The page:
New Blood Test Improves Heart Outcomes
Thrombelastograph Homeostasis Analyzer, or TEG testing, is now helping physicians give patients the right balance of blood during open heart surgery.
A new lab test done before, during, and after heart surgery at Asante Rogue Regional Medical Center is helping to improve recovery for patients and lower costs. Called TEG (Thrombelastograph Homeostasis Analyzer), the specialized testing device analyzes how well a patient's blood is clotting. With this information doctors know exactly what balance of platelets, plasma, red blood cells, or other blood products the patient needs in real time. This reduces the use of surgical interventions (reoperations), drug interventions and blood products. Studies have shown that by giving patients less blood, doctors can shorten hospital stays and reduce mortality rates in high blood loss procedures such as open heart surgery.
“With TEG we have reduced blood product usage by 50-60 percent,” says David Folsom, MD, a heart surgeon with Asante Physician Partners—Cardiovascular and Thoracic Clinic. Folsom noted that the one-year mortality rate for patients increases when they have large transfusions, but TEG can lower that risk.
For example, one of Dr. Folsom's patients appeared to have post operative bleeding. It appeared he would have to return to the operating room for a repair. But a TEG test showed the patient just needed more platelets. Twenty minutes after giving platelets, the bleeding stopped. "That made a big difference in recovery for that patient," Dr. Folsom says.
According to Dr. Folsom, before TEG doctors ordered a full battery of blood products for an open heart surgery patient. This ensured they got the blood products they needed, but it also meant the patient might get more than was necessary. The hospital lab performs a TEG test before surgery to determine the patient’s normal balance. Then, during surgery, another TEG is performed. Surgery aides transport the patient specimen immediately to the lab where testing begins immediately. A computer monitor in the operating room maps a real-time graphical tracing of the hemostasis reaction taking place in the lab. The anesthesiologists, surgeon and perfusionists are able to view this schematic during surgery so they know exactly which blood product is low and exactly how much to give the patient for the best possible balance for optimum clotting. After surgery, a third test shows if the patient needs any blood products to achieve optimum clotting.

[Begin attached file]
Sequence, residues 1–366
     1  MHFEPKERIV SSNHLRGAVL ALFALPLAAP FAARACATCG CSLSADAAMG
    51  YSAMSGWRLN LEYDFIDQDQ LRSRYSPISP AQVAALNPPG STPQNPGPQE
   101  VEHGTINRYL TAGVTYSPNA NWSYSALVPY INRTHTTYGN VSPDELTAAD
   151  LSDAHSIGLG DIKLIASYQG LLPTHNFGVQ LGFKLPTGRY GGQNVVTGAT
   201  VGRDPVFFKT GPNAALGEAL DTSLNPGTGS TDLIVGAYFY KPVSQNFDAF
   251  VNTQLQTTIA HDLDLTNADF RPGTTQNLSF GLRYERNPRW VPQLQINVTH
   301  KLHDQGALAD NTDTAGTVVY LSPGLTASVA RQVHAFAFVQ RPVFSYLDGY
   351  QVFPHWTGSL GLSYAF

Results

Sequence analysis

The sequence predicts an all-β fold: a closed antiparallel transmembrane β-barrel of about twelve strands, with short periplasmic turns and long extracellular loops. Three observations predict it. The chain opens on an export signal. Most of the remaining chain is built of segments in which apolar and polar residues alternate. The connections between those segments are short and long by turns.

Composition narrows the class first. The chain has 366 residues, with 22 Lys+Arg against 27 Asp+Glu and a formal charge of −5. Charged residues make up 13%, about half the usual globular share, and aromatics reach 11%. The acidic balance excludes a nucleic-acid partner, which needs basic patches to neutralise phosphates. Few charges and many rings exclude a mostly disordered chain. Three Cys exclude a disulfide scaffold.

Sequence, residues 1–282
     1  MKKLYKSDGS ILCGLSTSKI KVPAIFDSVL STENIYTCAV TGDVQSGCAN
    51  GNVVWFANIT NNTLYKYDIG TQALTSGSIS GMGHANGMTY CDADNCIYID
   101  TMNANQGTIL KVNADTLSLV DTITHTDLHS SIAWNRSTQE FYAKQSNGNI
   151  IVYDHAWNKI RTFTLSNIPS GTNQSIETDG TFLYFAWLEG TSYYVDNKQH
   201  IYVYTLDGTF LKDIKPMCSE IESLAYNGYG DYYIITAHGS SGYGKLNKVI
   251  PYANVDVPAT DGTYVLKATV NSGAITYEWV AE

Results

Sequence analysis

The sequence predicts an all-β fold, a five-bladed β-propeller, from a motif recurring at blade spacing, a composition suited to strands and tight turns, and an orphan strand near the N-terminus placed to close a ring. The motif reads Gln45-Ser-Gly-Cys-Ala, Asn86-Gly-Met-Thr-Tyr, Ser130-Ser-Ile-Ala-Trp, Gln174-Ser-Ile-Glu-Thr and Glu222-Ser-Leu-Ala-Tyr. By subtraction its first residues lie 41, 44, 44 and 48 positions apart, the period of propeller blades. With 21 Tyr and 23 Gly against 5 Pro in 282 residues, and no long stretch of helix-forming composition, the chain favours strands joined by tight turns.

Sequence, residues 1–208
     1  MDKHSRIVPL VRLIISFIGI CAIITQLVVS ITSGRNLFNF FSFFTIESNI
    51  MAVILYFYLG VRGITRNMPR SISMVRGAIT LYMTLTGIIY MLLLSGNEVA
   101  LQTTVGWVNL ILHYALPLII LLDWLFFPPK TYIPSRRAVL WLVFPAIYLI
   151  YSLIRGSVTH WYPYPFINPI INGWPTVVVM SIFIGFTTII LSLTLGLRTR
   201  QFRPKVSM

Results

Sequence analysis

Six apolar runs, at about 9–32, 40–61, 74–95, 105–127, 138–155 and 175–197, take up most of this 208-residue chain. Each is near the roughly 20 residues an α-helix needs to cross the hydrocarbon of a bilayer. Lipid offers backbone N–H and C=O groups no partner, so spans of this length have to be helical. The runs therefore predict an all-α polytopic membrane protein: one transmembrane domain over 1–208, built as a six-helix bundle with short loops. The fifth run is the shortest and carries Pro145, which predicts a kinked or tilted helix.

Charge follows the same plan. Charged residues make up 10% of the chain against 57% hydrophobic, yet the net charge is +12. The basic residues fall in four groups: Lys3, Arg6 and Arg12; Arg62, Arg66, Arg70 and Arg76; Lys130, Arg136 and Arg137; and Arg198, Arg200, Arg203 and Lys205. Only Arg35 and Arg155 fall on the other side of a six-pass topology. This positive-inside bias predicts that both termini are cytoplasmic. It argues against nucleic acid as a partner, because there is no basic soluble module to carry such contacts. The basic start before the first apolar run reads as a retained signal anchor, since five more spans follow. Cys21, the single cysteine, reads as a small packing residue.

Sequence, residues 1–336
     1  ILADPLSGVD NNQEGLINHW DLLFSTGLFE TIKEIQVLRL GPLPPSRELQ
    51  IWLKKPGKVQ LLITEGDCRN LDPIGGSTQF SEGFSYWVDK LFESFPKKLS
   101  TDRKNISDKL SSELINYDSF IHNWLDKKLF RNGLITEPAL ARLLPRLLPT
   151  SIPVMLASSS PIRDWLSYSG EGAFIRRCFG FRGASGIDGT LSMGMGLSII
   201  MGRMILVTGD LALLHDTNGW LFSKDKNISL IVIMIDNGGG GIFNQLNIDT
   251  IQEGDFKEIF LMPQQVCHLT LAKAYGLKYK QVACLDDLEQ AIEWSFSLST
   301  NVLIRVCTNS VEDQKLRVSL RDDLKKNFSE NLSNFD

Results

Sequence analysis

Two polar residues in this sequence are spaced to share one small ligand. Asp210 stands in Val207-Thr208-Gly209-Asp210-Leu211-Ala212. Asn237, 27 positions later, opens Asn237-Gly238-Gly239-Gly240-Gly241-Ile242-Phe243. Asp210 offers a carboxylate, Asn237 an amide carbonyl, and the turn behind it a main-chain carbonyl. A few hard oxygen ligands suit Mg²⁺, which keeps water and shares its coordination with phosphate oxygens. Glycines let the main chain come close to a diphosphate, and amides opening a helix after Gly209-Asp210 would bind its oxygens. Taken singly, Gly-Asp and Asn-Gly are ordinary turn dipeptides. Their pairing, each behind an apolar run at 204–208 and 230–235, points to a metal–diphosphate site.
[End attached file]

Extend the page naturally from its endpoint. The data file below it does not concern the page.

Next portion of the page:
“Although not a common test, TEG testing has been incorporated at top cardiac surgery hospital programs across the country, and literature supports TEG testing during cardio-bypass surgery,” says Karen Rasmussen, medical technologist and point of care coordinator at Asante Rogue Regional. “Our cardiac surgeons have been supportive, and we have seen a sharp reduction in blood product utilization. The entire cardiac team, from the lab to the OR, has been outstanding.” The Society of Thoracic Surgeons & Cardiovascular Anesthesiologists Blood Conservation Clinical Practice Guidelines recommend monitoring platelet function for risk assessment, Rasmussen added.
"We have seen a definite reduction in reoperation and mortality rates since we started using TEG," says Karen Bales, RN, a performance improvement coordinator with Asante. Reducing how often people have to return to the operating room is a major initiative at Asante. Additionally, studies have shown the 5-year mortality rate of patients increases in relation to how much blood product is used in surgery.
“We have to limit the use of blood products without hampering safety,” she says. “We are 100 percent committed to improving patient results through best practice decisions based on meaningful data. TEG is a perfect example.”
The test is also reducing blood product costs. The average major surgery uses 2 units of blood and doctors perform about 1,200 of them a year. Reducing usage by 50 percent means 1,200 fewer units of blood each year. A significant cost savings.